I like stereotypes. They save time. You like stereotypes as well, and you use them. They are cognitively efficient. In fact, they are utterly necessary. Every day, you make thousands of tacit assumptions about the environment around you: there are no tigers in the bathroom, buildings will not fall on you for no reason, the person behind you in the line for lunch can be trusted not to hold you down and rape you. You assume that the sidewalk will not collapse and the floor is not, in fact, actually lava. You purchase food and eat it without submitting it to a full battery of chemical and biological tests. If you’re American, you speak English to people you have never met before. (The future demographic shift of this country will teach you a lesson about that.)
The only people who cannot effectively “stereotype” are deeply autistic people who have no ability to ignore and/or generalize things. Autism is defined as the inability to form abstract concepts — in other words, stereotypes. When two normal people have a conversation, they can use an abstract concept like “car” or “refrigerator” without difficulty. Their ability to stereotype and abstract allows them to simply glide past the idea of “refrigerator”. The person who suffers from a degree of autism needs to know all about the refrigerator. This is not them being difficult; it is literally the manifestation of their illness.
It’s probably no coincidence that modern popular culture is so obsessed with “breaking down stereotypes” and focusing on the exceptions to a rule rather than focusing on the rule itself. After all, we are experiencing unprecedented rates of autism and autism spectrum behavior. The autistic mind is obsessed with exceptions to the rule. It loves Malala and Obama and the Harlequin Golf and every other case where somebody or something deviates sharply from expected behavior. The autistic mind is comforted by cases where stereotypes don’t apply because the autistic mind is fundamentally troubled by stereotypes. The autistic mind likes rules because rules are expressed in absolute and concrete terms. It does not like stereotypes, because stereotypes are abstract generalizations that, like language, are used as a sort of cultural and personal shorthand.
As someone who demonstrates the occasional touch of Aspie behavior, I will confess that my fondness for stereotypes is not quite as strong as it would be were I completely sane and neurotypical. And that is why I’m so annoyed with “pmirp1” and his dutiful conformance to pretty much every aspect of the “stupid Vette owner” stereotype. An entirely normal writer would just nod his head and say to himself, “Another dumbass with a Vette.” I, on the other hand, am compelled to flap this bug with gilded wings just a bit.
Let us count all the ways in which this dude is absolutely, almost suspiciously, typical of Vette people:
- He wants us to know what color his C7 Z51 is and how rare it is. There was a long-standing joke in the Columbus street-racing community that every single F-body owner thought he had a rare car because “They only made 1,302 cars in Jet Black with the T-tops but without the subwoofer.” In this case, there were VERY FEW Admiral Blues made in 2016. Who gives a shit?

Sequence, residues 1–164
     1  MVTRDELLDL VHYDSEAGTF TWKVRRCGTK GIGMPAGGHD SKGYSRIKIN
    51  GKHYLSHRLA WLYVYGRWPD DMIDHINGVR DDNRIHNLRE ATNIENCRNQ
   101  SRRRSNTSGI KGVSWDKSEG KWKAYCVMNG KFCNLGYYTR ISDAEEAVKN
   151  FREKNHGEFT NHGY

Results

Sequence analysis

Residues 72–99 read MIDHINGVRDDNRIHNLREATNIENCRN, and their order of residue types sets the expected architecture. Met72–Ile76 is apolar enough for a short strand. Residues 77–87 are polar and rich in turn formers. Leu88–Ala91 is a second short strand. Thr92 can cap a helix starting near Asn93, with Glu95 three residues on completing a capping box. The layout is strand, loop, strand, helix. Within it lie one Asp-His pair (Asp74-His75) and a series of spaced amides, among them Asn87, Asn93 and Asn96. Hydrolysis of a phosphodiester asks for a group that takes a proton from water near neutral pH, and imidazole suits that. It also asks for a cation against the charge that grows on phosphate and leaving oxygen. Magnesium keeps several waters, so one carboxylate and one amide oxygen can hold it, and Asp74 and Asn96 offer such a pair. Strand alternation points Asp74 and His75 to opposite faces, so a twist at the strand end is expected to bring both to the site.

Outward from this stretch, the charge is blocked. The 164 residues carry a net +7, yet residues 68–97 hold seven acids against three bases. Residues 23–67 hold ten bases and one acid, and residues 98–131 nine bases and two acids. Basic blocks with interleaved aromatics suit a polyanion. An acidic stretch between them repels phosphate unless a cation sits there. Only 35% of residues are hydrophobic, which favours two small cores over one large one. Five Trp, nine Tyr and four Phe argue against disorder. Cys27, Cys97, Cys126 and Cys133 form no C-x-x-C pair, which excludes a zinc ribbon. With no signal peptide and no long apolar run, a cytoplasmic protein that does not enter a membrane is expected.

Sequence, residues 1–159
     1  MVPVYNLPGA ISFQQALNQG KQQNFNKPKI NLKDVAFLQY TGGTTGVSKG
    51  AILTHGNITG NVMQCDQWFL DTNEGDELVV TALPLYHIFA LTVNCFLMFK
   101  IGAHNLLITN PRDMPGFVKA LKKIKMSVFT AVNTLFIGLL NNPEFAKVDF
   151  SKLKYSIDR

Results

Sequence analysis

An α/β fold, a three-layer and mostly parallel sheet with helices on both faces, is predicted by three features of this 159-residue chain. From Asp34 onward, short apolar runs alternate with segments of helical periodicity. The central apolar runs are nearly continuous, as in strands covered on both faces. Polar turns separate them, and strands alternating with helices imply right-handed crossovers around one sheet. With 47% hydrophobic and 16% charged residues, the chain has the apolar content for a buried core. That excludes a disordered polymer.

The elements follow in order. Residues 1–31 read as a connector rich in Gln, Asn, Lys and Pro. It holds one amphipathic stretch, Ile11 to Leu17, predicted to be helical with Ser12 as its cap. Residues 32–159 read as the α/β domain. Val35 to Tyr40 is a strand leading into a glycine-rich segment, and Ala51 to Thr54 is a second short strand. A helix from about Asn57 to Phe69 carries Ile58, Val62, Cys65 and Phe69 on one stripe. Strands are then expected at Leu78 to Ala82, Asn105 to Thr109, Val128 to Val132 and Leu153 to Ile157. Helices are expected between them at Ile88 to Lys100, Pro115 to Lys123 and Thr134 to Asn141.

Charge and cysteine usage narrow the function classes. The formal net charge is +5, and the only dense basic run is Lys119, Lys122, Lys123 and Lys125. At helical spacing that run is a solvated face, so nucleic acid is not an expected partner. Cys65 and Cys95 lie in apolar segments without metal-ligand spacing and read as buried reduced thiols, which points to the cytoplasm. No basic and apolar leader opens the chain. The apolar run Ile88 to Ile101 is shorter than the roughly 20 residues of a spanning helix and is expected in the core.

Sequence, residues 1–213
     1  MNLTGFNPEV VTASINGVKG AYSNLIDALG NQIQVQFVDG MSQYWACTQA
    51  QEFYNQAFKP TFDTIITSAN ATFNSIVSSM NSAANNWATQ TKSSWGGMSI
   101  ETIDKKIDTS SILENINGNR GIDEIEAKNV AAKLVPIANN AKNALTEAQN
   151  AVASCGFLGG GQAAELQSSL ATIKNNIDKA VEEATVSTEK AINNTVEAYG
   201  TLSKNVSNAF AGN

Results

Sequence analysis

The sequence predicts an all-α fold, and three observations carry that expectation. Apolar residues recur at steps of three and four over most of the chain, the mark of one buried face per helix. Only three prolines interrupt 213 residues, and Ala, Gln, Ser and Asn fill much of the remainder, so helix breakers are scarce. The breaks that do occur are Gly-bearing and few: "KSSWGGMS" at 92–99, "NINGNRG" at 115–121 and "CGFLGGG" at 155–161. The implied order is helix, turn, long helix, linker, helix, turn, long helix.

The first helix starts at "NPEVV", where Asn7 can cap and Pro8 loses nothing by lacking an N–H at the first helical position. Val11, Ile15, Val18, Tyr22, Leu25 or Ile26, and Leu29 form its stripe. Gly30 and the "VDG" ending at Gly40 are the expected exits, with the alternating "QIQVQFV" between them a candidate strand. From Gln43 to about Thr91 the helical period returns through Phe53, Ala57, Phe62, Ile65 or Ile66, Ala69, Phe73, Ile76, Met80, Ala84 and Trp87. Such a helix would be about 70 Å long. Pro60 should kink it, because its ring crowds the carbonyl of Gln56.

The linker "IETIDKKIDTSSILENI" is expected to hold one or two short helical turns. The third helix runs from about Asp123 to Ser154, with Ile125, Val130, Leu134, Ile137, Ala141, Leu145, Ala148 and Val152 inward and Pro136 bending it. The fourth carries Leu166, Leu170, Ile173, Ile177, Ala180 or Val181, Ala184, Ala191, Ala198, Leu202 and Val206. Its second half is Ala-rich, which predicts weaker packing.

- He has no experience with any of the cars listed, save for the (old-gen?) Camaro SS. Has he actually driven a Genesis G80? I betcha not. I betcha he got his impression of the G80’s handling from a Berk/DeMuro type trying to entertain an audience with low-flying exhibitions of unambitious wit.
- He is TOTALLY SURE that the Alpha platform is a continuation of the C7’s handling behavior, because… well, he is totally sure! Never mind that the Corvette has been considerably better than the Camaro since 1984. Never mind that GM rarely manages to make Corvette technology transfer the way it should. There’s like a blood/brain barrier between Corvette and the rest of GM. This is good for the Vette team and the Vette buyers, but it doesn’t help the Equinox.
- He solemnly assures us that Ring testing is not for show, and then he repeats various PR talking points almost word for word. This would be like me telling you that advertising doesn’t work but that I truly believe in Dove’s special power to get those chunky girls cleaned up.
The autism-spectrum person in me wants to patiently unpick everything about this comment and search for some evidence of reasonable, independent thought. I don’t like dismissing people and/or viewpoints out of hand and this is no exception. The normal person in me says that you can safely discount the opinions of anybody who needs you to know how rare Admiral Blue was as a stock C7 color in 2016.
Just once in my life, I’m going to go with the normal, rational part of my brain. Buildings don’t turn into monsters. Trains don’t leave their tracks. If a man is wearing a sportcoat with a stitched lapel, he is not going to carjack you. This comment can be tossed into the circular file, along with everything else “pmirp1” has ever said and will ever say. Let’s save time on this one and bid it adieu. Not every single stupid thing, not every single worthless person, not every single meaningless relationship deserves the full exercise of your time and efforts. Free your mind and your ass will follow.